This week a federal appeals court ruled that consumers are not be eligible for subsidies under the Affordable Care Act if they purchased insurance on the federally run exchange. On Thursday night, New York's Annie Lowrey appeared on All In with Chris Hayes to discuss the decision, and why it may hurt people in poorer states if it's upheld by the Supreme Court. States that opted out of the Medicaid expansion "are not getting the full benefits of the law, but they're still paying for it," Lowrey notes. Similarly, if people lose health insurance subsidies in the 36 states using the federal exchange, "you'd have a system where in states like New York and California that set up their own exchanges and accepted the Medicaid expansion, they're really benefiting," Lowrey says. "They could end up being pretty significantly subsidized by the poor red states where most of the residents who this law was intended to benefit are living."
More bad news for Montana senator and alleged plagiarist John Walsh. Not only have the accusations come out as the Democrat is facing an uphill battle to keep his Senate seat, but now the United States Army War College has opened an official inquiry into his case. Turns out, the Senator might find himself part of yet another exclusive club — the college has only revoked degrees from eight other students since 1990.
It doesn't look like Congress is going to solve the border crisis, or address President Obama's $3.7 billion emergency spending request, before lawmakers head out for a five-week recess at the end of next week, so the White House is floating another potential solution. The New York Times reports that the Obama administration is considering a plan to let children and young adults from Honduras apply to enter the United States as refugees before setting foot outside of the country. The idea is that if people can be screened inside Honduras, those who are rejected won't attempt the dangerous trek across the border ... we hope.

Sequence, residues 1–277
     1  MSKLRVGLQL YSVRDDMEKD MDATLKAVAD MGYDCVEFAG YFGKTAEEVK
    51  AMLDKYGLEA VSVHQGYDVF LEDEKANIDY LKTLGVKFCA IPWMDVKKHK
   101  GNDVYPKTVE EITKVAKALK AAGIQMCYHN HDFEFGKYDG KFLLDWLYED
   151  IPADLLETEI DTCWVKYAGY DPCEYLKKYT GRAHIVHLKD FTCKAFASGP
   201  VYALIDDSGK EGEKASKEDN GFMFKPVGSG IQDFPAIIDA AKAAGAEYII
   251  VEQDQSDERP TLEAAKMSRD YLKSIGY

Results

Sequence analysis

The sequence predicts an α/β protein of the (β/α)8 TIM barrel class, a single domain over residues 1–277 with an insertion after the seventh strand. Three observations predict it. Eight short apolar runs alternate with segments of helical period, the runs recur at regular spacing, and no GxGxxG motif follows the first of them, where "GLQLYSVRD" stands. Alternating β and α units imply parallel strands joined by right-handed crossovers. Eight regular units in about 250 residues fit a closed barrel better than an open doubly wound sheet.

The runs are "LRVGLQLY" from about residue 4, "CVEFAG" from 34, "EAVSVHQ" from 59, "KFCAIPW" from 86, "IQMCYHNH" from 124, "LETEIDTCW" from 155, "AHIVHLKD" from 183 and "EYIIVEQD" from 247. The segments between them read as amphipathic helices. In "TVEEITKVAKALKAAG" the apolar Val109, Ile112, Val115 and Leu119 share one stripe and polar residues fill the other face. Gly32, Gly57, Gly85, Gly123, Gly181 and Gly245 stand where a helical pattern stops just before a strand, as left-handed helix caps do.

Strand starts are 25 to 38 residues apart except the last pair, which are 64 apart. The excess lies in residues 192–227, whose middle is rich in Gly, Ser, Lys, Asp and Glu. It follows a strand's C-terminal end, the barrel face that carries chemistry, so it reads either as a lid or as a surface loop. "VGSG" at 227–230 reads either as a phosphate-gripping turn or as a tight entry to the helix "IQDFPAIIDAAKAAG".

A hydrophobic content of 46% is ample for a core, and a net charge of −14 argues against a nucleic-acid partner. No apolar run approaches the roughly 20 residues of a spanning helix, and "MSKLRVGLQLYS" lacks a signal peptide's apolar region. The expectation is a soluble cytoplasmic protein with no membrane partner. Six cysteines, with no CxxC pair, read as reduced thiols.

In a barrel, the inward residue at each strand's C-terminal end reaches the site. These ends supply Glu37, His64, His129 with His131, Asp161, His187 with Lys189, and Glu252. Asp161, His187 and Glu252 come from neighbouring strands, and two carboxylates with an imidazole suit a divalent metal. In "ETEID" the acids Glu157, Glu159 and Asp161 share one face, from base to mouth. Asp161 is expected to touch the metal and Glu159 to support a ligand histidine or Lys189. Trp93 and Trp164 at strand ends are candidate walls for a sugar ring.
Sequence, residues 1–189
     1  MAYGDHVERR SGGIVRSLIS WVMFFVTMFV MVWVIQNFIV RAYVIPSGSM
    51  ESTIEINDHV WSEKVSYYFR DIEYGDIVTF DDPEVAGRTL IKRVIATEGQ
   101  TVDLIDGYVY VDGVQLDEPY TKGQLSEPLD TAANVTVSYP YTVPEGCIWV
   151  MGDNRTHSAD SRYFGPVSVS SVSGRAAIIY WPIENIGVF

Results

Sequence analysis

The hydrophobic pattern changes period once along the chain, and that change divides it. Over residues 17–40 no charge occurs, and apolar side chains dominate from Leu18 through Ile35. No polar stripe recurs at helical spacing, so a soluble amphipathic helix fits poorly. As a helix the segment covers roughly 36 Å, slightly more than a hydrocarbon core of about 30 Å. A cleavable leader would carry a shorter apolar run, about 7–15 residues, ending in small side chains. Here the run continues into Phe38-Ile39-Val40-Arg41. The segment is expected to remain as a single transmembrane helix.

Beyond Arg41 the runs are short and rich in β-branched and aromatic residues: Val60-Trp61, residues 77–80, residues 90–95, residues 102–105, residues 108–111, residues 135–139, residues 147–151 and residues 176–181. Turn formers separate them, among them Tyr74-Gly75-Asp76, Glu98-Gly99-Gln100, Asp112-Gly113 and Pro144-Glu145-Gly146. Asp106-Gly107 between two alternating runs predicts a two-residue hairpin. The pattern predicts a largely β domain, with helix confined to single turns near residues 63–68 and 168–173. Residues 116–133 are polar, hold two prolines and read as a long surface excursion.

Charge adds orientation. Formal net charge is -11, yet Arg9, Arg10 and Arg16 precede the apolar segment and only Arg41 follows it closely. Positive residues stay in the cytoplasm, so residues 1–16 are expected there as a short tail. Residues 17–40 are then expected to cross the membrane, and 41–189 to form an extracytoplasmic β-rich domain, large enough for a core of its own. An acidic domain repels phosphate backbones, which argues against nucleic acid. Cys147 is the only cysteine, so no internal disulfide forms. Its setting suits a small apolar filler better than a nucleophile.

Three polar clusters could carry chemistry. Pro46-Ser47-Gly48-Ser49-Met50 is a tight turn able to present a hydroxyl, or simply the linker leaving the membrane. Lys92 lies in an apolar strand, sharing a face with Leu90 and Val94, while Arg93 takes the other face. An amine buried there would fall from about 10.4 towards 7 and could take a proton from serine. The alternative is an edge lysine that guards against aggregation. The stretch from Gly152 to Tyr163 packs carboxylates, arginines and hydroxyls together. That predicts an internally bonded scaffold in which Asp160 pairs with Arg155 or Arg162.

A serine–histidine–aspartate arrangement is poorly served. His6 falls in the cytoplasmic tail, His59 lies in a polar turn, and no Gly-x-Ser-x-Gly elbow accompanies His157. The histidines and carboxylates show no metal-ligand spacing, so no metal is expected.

The Air Algerie flight that disappeared on its way from Burkina Faso to Algiers Thursday has finally been found. After some conflicting statements, leaders in Burkina Faso confirmed that the wreckage has been located in neighboring Mali. There seem to be no survivors.
Severed body parts kept turning up on Long Island this month, and while police were reportedly investigating a connection to the Gligo Beach serial killer, they now say they all belonged to a Brooklyn mother of four who was killed by her neighbor in a dispute over the rent. Leah Cuevas, 42, was arrested on Wednesday and charged with second-degree murder in the death of Chinelle Latoya Thompson Browne, a 28-year-old Guyanese immigrant. Newsday reports that it's unclear if Cuevas actually owned their Brownsville apartment building, but she was collecting rent and the two often fought about the building's lack of hot water and frequent power outages. Neighbors say that during a confrontation on July 6, they heard Browne shout, "No Lee! No Lee! What you doing? Oh no! Oh no! . . . I’m sorry, I’m sorry," then heard blood-curdling screams.
The Times’ 6,500-word front-page story exploring Governor Andrew Cuomo’s Moreland Commission machinations was terrific reporting and a fun read. Yet, in some ways, the more fascinating piece of writing is the 13-page response to the Times’ questions. It is unsigned; on the first page, addressed to reporter Susanne Craig, it says “We are writing … ” and “We think,” and no doubt the missive was a joint, heavily lawyered effort. But the tone, and the thinking, is unmistakably Cuomo’s.
Twitter is great at spreading information. The problem is that the platform is agnostic about the veracity of that information, and is equally eager to broadcast valid information about a recent natural disaster and invalid information about President Obama's birthplace. Today was a really good example — a lot of people (myself included) were shocked to see reports emanating from the U.N. and The Guardian that ISIS was demanding that women in the territory it controls in Iraq undergo female genital mutilation. As it turns out, this is, thankfully, a pretty flimsy story.
A female caseworker was shot dead today in the psychiatric unit of the Mercy Fitzgerald Hospital outside of Philadelphia when a patient opened fire, CBS reports. A doctor, the rare good guy with a gun, was also grazed but managed to return fire in self-defense, hitting the bad guy with a gun three times while other witnesses took him down. The NRA will be thrilled.
Do you need a shock to your system to get you out of your basic no-pants, underachieving routine? Enter Pavlok, a new sadomasochistic bracelet that provides a very literal jolt to help you accomplish your goals. This goal-setting and tracking device looks like a cast-off from a Captain Planet accessory collection. But it also provides real consequences when you slack off. It will post embarrassing messages about your failure(s) to your Facebook wall for your co-workers and your high-school biology lab partner to "like." It will give money away. Or, it will simply shock you using "real voltage," a video helpfully confirms.